Economic and social characteristics of the Hawaii small boat fishery 2014
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Economic and social characteristics of the Hawaii small boat fishery 2014

Filetype[PDF-2.66 MB]


  • Description:
    "This study profiles the current Hawaii small boat fleet and describes recent fishing experiences, market participation, fishing trip costs, annual fishing fixed costs, and opinions about fisheries management. Fishery management decisions are based, in part, on minimizing adverse economic impacts on fishing communities, making this research vital to the assessment of future ocean management plans and actions. The small boat fishery in Hawaii is important to local communities as it provides jobs for fishing participants, food for local families and communities, and preserves cultural practices. The Hawaii small boat fishery can be described by fishing gear, with major gears including troll, handline for pelagics and bottomfish, spears, and nets. Gear type determines fishing methods and target species. Trolling is the most popular fishing method in the Hawaii small boat fishery and it targets pelagic species like yellowfin tuna, marlin, and mahi-mahi. Other popular fishing methods include bottomfishing targeting opakapaka and onaga, and handline fishing targeting yellowfin tuna and juvenile bigeye tuna. In addition, the Hawaii small boat fishery includes fishermen1 with various levels of participation ranging from full-time commercial, to occasional recreational, to subsistence. Based on the State of Hawaii statistics, the number of participants involved in small boat fishing has increased over the past decade, from 1,587 small boat-based commercial marine license holders in 2003, to 1,843 in 2013 (excluding charter, aquarium, and precious coral fisheries) (State of Hawaii, 2013a). Together, these small boat fishermen produced 6.2 million pounds of fish in 2013, with a commercial value of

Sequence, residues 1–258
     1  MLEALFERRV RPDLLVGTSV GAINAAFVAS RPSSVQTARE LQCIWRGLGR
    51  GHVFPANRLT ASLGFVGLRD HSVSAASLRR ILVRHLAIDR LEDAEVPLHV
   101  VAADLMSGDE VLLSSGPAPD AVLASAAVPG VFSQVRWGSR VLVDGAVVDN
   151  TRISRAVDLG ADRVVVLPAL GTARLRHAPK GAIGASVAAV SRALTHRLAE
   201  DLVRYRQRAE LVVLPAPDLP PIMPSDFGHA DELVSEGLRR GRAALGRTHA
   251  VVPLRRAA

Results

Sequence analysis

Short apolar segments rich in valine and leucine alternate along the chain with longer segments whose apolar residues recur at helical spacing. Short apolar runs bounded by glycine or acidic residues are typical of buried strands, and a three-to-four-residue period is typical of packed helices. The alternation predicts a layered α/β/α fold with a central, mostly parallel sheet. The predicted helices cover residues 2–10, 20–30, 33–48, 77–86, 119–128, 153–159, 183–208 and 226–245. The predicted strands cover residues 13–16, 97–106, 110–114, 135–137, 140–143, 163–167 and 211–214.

• Content Notes:
    Hing Ling Chan and Minling Pan. "May 2017." System requirements: Adobe Acrobat Reader. Includes bibliographical references (page 68).
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    Public Domain
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